Crown Office ‘simply incapable’ of handling fatal accident inquiries
The fatal accident inquiry system is plagued by “unexplained delays” that “have the potential to devalue the purpose” of the system, according to a new report.
The HM Chief Inspector of Prosecution’s review of the FAI regime found that three years on from the last thematic report, there has been a “lack of progress in many areas” and that FAIs are characterised by “lengthy intervals of unexplained delays” and “periods of inactivity” which “have the potential to devalue the purpose of the FAI”.
The time for completing mandatory FAIs has shown “little progress”. Despite increased resources for older investigations, there are still 20 that are over three years old.
Reasons for delays include overstretched workloads and inefficient collaboration with other agencies. “The FAI should be the primary forum to explore the circumstances of the death, while it is fresh in the minds of all those involved, and not a vehicle to summarise outcomes of other reports,” the review said.
This review follows a Scottish Liberal Democrat investigation that found outstanding inquiries relating to two deaths eight years ago - almost 3,000 days.
Scottish Liberal Democrat justice spokesperson Liam McArthur MSP said the Crown Office “simply incapable” of meeting the demands of FAIs.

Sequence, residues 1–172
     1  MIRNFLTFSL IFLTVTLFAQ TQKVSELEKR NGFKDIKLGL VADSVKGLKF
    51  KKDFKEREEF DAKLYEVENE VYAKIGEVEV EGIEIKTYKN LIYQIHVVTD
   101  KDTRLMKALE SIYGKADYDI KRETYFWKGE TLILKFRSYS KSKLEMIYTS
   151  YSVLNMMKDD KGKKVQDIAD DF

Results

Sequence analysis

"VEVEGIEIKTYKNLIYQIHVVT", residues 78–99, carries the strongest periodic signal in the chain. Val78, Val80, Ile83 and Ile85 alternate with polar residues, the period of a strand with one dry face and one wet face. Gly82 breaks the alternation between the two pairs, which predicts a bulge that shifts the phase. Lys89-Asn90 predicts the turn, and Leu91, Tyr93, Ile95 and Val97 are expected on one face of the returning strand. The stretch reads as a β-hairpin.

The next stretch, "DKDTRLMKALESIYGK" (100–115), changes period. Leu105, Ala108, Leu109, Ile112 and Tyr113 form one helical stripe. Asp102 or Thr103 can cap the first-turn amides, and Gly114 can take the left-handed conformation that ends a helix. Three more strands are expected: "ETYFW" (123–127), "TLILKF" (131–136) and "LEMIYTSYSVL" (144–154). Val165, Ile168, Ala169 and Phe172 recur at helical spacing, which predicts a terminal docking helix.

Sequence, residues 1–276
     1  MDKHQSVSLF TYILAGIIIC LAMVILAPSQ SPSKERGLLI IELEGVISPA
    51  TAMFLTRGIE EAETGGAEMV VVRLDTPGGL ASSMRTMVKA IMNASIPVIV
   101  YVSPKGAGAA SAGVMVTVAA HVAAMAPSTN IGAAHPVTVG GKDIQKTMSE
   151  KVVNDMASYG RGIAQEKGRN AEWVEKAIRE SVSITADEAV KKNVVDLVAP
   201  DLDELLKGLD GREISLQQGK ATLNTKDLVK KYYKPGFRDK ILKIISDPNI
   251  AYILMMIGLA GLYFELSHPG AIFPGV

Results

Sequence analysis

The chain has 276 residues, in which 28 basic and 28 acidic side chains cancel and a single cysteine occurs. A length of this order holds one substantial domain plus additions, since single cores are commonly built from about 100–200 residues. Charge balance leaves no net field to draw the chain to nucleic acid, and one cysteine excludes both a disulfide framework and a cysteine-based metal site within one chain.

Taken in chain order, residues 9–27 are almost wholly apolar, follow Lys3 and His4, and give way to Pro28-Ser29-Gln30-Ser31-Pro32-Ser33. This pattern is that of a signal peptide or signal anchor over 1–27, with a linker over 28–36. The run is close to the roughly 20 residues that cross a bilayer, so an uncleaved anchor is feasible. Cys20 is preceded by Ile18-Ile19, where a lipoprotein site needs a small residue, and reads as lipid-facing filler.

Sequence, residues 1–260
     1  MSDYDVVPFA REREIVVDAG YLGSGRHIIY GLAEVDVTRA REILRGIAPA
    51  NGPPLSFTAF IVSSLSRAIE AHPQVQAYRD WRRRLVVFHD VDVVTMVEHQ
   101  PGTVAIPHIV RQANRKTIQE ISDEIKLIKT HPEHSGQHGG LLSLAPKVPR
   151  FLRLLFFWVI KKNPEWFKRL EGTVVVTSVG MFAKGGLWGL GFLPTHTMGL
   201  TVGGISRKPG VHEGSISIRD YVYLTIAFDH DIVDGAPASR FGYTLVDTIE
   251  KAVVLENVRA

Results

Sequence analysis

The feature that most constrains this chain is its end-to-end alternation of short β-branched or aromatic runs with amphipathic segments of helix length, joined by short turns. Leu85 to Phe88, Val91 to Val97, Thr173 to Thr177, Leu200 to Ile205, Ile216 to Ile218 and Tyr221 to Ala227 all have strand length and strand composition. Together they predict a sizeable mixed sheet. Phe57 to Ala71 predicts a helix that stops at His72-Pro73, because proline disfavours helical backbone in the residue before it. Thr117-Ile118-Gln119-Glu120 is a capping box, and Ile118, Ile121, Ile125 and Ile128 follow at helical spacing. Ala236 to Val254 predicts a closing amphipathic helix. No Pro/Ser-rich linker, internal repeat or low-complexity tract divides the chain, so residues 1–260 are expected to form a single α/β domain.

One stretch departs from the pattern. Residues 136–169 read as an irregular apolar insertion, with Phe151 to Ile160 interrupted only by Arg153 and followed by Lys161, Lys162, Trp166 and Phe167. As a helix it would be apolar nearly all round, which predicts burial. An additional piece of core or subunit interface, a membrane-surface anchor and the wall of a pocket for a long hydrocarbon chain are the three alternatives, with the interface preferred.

Families and next of kin, including those of the victims of the M9 crash in 2015, and the parents of Katie Allan who died in Polmont last year, have spoken out about the distressing impact of delays.
Mr McArthur said: “This review has shown once again that the current fatal accident inquiry process is broken.
“FAIs suffer long periods where nothing whatsoever seems to happen. Investigations are still being swamped by bureaucracy and unsustainable workloads. It appears as though the Crown Office is simply incapable of keeping up or driving critical investigations forward.
“The people that should be at the centre of this process are being sidelined.
“There are serious structural barriers impeding progress. The Justice Secretary and Lord Advocate are failing in their public duties if they don’t consider all options for improvement – that means investigating whether these inquiries need to be removed from the Crown Office as is the case in England, Wales and Northern Ireland.”
A COPFS spokesman said: “The COPFS is committed to the prompt investigation of deaths and accepts the recommendations contained within the inspectorate’s review.
“COPFS has recently increased the resource available to the SFIU, with a view to reducing the time required to complete complex death investigations and improving the provision of information to families and next of kin.
“In addition, COPFS has revised the way the progress of all death investigations is monitored to ensure that they are completed as efficiently as possible.
“These measures represent a commitment to achieving a significant improvement in the service delivered by the procurator fiscal in this important area of work.”